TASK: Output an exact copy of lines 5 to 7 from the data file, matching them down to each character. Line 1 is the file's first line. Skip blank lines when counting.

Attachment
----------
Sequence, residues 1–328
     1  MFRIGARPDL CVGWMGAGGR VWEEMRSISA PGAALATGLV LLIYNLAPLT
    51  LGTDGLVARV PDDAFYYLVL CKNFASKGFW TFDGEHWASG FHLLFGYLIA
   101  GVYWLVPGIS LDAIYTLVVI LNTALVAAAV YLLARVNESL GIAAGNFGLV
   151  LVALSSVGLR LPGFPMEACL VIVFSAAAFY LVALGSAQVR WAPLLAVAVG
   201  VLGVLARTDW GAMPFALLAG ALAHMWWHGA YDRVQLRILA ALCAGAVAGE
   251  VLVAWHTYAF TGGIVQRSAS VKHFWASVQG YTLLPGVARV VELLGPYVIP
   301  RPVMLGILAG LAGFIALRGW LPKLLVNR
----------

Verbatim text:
   151  LVALSSVGLR LPGFPMEACL VIVFSAAAFY LVALGSAQVR WAPLLAVAVG
   201  VLGVLARTDW GAMPFALLAG ALAHMWWHGA YDRVQLRILA ALCAGAVAGE
   251  VLVAWHTYAF TGGIVQRSAS VKHFWASVQG YTLLPGVARV VELLGPYVIP